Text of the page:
Commit f6b4d7f9 authored by colmoneill's avatar colmoneill

more cleaning

parent 5fe7ceb0
#Research methodologies
####Steve Rushton - research methodologies seminar
Art in the Age of... Asymmetrical Warfare
##### *Autonomy cube*, 2014 / Trevor Paglen with Jacob Appelbaum
The piece stands on the exhibition floor, placed on top of a white stand. It contains a cluster of circuit boards, neatly organised together, cables linking them together, and one cable bundle piercing through the base of the cube, through to the stand.
The total amounts to a height of 116cm, and is described by the gallery as *mixed media*. That is no understatement. The work is described as a sculpture, and also comes with the artist given tagline<sup>[1]</sup> meant to be "seen" and "used".
Photographer, sculptor and journalistic investigator. Paglen *looks for art to develop ways of seeing, things that help us see historical events of today* <sup>[2]</sup>. He takes concern in the topic of privacy, in some cases very directly, but for the majority of his pictural work, he observes the practical techniques that (american) governmental bodies employ to hide their activities.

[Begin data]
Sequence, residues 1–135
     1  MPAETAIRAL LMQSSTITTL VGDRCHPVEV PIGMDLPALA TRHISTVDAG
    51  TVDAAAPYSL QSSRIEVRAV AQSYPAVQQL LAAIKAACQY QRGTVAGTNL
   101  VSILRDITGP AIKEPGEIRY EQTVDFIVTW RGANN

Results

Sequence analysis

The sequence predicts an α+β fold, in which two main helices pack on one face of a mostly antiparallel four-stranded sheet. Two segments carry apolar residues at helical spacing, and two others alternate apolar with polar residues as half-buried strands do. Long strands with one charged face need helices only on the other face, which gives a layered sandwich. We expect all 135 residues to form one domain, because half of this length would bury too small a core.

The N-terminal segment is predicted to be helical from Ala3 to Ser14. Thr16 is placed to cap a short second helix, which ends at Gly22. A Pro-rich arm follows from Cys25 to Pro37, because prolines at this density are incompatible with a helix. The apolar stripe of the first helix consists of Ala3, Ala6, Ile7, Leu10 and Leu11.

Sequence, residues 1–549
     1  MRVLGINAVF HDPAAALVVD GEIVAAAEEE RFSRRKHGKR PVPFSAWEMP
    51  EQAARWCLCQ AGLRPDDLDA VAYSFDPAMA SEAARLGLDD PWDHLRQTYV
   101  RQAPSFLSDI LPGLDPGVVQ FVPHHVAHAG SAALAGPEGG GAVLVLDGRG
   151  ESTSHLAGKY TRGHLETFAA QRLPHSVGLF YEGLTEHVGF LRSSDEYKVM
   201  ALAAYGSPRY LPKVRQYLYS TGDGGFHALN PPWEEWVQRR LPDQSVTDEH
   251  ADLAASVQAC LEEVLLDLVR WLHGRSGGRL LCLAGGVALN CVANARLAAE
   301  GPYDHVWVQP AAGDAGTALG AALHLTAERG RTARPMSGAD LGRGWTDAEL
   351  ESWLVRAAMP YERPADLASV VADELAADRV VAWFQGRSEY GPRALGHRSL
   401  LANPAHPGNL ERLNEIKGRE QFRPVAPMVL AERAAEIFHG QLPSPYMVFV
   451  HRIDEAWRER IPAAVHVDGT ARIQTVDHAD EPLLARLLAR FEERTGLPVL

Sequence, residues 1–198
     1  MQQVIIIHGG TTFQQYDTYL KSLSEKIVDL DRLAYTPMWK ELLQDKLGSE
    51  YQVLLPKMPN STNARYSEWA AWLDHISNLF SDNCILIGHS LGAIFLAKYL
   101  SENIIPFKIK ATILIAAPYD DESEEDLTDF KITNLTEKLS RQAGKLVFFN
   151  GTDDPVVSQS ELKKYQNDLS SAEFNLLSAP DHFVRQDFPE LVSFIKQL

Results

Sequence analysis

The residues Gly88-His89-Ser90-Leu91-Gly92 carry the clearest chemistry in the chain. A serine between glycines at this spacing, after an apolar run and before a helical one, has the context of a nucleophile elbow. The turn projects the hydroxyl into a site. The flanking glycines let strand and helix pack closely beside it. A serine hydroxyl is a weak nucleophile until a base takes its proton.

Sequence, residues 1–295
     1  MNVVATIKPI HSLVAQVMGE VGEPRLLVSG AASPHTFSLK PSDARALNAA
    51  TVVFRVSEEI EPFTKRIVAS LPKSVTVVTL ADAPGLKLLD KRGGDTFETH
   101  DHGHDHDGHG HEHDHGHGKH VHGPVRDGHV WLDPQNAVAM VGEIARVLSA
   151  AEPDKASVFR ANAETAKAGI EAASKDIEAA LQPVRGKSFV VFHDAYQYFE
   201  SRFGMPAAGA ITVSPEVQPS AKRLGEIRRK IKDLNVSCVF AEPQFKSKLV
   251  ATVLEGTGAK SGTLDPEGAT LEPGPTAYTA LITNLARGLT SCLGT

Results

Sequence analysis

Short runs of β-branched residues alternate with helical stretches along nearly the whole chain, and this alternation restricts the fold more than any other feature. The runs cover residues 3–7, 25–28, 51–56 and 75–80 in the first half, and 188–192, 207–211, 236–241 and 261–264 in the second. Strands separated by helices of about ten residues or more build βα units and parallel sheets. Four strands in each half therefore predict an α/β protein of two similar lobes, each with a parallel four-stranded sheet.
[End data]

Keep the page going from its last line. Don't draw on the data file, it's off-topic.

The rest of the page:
Within all of the topics eluded to in [...] Asymmetrical warfare, this portion of the exhibition deals with data processing. It is the closest we get to the software mechanics of this asymmetricality.
The scenographic relation with the **James Bridle** piece *The Fraunhofer Lines* is thematic, but passive because of the relatively simple visualization ambition of the prints, whereas the *autonomy cube* attempts to be active, and work on a few different levels.